Frannie reads a poem in school by Emily Dickinson with a line that she remembers: "Hope is the thing with feathers." Set in the early 1970s, this book is about things an eleven-year-old girl learns about herself as she interacts with her family and peers. Frannie's older brother is good-looking and deaf, and her best friend is trying to reconcile her religious upbringing with reality, which is sometimes disappointing.
Frannie's mother is expecting a baby, but since she has lost three babies in the past, the whole family is a little worried. A new boy in school looks white and experiences bullying at the hands of some students in their class. Through interactions with these characters, Frannie tries to do the right thing, and hang on to hope.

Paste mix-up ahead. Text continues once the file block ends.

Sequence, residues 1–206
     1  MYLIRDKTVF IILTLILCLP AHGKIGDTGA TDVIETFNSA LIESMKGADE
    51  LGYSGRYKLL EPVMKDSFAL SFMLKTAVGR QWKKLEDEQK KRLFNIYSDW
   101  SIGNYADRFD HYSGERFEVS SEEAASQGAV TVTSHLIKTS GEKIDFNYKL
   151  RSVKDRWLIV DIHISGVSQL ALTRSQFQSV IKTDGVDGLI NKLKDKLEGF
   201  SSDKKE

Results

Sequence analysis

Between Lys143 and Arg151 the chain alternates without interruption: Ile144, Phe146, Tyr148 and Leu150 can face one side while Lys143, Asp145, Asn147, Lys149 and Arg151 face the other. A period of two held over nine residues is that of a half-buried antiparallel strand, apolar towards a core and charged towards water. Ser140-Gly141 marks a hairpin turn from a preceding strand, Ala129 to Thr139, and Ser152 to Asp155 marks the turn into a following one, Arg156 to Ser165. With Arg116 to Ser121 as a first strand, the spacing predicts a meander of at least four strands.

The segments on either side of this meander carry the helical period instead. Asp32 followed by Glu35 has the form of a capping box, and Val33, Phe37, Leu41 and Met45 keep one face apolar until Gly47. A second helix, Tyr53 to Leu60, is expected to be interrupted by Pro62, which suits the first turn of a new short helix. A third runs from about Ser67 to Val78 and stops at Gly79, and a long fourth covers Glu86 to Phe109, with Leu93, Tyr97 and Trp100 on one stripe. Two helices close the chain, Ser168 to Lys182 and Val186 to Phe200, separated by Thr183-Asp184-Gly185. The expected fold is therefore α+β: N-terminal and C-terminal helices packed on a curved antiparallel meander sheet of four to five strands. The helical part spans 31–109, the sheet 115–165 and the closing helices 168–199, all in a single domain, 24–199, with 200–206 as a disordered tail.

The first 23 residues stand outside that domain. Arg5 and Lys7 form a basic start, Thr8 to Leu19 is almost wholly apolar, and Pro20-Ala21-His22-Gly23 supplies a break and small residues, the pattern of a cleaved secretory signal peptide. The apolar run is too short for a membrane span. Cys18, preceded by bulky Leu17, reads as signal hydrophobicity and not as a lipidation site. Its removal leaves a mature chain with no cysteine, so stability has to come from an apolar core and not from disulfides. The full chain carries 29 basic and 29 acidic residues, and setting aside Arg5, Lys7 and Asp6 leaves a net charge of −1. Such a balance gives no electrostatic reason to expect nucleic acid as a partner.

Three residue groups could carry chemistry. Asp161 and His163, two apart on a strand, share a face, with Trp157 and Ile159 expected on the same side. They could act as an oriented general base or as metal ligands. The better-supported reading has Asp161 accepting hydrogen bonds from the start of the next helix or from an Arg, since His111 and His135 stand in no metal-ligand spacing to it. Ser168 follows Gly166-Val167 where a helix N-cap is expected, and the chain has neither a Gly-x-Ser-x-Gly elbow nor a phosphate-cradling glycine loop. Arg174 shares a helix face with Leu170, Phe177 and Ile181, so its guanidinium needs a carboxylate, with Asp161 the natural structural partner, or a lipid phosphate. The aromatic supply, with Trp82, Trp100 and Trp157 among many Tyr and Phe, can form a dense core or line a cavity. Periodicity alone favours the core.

Jacqueline Woodson's writing is beautiful. Characters around the protagonist deal with interesting problems, but none of them are exactly resolved. There are musical references from the time period thrown in, and some of these and other cultural references seem like they are trying too hard to show the setting, rather than being necessary to the story. This book has many positive elements, but there is a sense that there are three or four other untold stories going on, and that those might be more riveting than the one being told from this protagonist's point of view. Locomotion, by this same author, is outstanding, and more compelling to me.
"There weren't white people on this side of the highway. You didn't notice until one appeared. And then you saw all the brown and light brown everywhere."
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